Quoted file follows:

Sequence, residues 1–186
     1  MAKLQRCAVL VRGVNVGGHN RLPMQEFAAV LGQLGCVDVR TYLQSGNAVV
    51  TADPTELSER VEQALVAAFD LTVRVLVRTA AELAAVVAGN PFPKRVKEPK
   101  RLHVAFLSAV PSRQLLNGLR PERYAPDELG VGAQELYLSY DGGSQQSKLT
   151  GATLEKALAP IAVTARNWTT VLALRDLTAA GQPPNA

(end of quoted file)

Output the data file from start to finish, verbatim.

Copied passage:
Sequence, residues 1–186
     1  MAKLQRCAVL VRGVNVGGHN RLPMQEFAAV LGQLGCVDVR TYLQSGNAVV
    51  TADPTELSER VEQALVAAFD LTVRVLVRTA AELAAVVAGN PFPKRVKEPK
   101  RLHVAFLSAV PSRQLLNGLR PERYAPDELG VGAQELYLSY DGGSQQSKLT
   151  GATLEKALAP IAVTARNWTT VLALRDLTAA GQPPNA